Infections and Cancer Biology Group
Based on evidence from epidemiological and biological studies, IARC has classified as Group 1 carcinogens six viruses associated with the origin of certain types of human cancers: Epstein-Barr virus (EBV), Kaposi sarcoma-associated herpesvirus/human herpesvirus 8 (KSHV/HHV8), human papillomavirus (HPV), hepatitis B virus (HBV), hepatitis C virus (HCV), and human T-lymphotropic virus type 1 (HTLV-1), as well as the bacterium Helicobacter pylori. The mucosal high-risk HPV types are the etiological agents of cervical cancer as well as a subset of anogenital and head and neck carcinomas, and are responsible for about 5% of all virus-induced cancers. In addition to these infectious agents, emerging lines of evidence support the involvement of other infectious agents in human carcinogenesis. A novel human polyomavirus, Merkel cell polyomavirus (MCPyV), was recently discovered and is associated with a rare tumour, Merkel cell sarcoma.
The cutaneous HPV types that belong to the genus beta of the HPV phylogenetic tree, together with ultraviolet irradiation, are associated with the development of non-melanoma skin cancer (NMSC) in patients affected by a rare autosomal recessive genetic disorder called epidermodysplasia verruciformis (EV). However, several findings also support their carcinogenic role in normal populations.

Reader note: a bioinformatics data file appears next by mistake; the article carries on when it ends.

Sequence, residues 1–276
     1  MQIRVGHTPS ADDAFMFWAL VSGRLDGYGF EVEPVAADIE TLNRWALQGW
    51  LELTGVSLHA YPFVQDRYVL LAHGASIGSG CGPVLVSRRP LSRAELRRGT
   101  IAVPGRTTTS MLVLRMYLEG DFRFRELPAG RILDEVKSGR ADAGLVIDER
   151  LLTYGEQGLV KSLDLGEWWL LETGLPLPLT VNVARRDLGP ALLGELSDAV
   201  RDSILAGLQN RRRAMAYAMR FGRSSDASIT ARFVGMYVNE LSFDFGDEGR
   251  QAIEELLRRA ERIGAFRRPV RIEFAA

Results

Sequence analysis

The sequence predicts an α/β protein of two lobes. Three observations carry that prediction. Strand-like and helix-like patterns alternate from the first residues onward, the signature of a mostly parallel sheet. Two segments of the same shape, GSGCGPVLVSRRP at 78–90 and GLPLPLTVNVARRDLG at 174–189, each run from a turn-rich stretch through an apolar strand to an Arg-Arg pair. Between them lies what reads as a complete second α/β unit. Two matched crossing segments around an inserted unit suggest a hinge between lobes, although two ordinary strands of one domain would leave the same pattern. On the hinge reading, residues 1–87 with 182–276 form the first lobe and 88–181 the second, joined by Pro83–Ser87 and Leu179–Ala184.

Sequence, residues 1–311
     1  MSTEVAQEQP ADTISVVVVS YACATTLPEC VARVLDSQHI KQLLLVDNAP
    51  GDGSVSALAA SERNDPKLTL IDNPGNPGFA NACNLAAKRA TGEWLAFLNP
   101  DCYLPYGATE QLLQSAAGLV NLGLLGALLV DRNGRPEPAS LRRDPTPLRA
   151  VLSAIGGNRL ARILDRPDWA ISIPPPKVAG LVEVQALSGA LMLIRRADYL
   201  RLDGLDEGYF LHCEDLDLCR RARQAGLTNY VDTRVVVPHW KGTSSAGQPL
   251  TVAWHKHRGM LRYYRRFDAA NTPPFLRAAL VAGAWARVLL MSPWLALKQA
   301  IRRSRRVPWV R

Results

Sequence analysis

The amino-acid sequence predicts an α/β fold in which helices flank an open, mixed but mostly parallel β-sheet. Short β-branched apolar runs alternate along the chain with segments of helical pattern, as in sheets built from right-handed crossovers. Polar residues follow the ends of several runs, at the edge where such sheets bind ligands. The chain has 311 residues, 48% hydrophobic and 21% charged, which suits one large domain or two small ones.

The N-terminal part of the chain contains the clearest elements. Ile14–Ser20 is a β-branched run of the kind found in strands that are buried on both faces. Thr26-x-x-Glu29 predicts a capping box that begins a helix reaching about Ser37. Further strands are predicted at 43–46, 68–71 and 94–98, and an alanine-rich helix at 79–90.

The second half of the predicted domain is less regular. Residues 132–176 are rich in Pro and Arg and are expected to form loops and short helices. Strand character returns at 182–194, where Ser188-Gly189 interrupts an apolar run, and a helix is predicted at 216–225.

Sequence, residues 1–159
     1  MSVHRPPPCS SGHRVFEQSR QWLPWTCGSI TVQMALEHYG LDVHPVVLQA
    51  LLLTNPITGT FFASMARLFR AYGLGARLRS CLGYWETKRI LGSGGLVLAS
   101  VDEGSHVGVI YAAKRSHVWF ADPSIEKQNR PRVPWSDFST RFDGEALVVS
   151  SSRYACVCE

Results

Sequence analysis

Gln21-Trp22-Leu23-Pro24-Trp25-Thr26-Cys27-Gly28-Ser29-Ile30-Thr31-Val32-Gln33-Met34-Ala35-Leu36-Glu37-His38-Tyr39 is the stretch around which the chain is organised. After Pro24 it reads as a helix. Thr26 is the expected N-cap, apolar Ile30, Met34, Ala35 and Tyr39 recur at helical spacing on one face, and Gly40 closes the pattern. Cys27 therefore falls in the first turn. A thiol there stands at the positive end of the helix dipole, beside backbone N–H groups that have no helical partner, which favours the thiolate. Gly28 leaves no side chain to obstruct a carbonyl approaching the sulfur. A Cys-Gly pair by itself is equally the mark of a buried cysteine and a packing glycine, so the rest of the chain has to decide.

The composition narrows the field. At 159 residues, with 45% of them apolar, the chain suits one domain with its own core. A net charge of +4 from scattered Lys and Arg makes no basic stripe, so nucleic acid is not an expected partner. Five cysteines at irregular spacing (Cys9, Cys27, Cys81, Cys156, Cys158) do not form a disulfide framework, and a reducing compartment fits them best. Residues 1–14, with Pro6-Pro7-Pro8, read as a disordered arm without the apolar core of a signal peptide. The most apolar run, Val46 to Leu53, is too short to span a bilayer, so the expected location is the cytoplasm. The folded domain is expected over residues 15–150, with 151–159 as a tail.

Many studies on oncogenic viruses have highlighted that two key events are associated with the development of cancers: (i) cellular transformation and (ii) establishment of persistent infection. Studies on specific cancer-associated viruses, e.g. mucosal high-risk HPV types, have clearly shown that the persistence of the infection promotes the accumulation of DNA damage that may lead to the inactivation of tumour suppressors or activation of cellular oncogenes, facilitating the neoplastic transformation of the infected cells.
Two complementary strategies are currently adopted by the Infections and Cancer Biology Group (ICB) to study the role of infections in human cancers:
(i) Functional studies to characterize the biological properties of specific infectious agents using in vitro and in vivo model systems
(ii) Development of laboratory assays that are being extensively used in epidemiological studies to evaluate the contribution of infections in cancer.
With regard to the functional studies, ICB′s research is focused on the characterization of the biological properties of oncoproteins from several human viruses, i.e. mucosal and cutaneous human papillomavirus (HPV) types, Merkel cell polyomavirus (MCPyV), and Epstein-Barr virus (EBV). In particular, ICB has evaluated the ability of viral oncoproteins to deregulate pathways involved in cellular transformation and immune response.
With regard to the second strategy, ICB′s efforts are focused on the development of highly sensitive diagnostic assays for many infectious agents that can be used for large-scale epidemiological studies.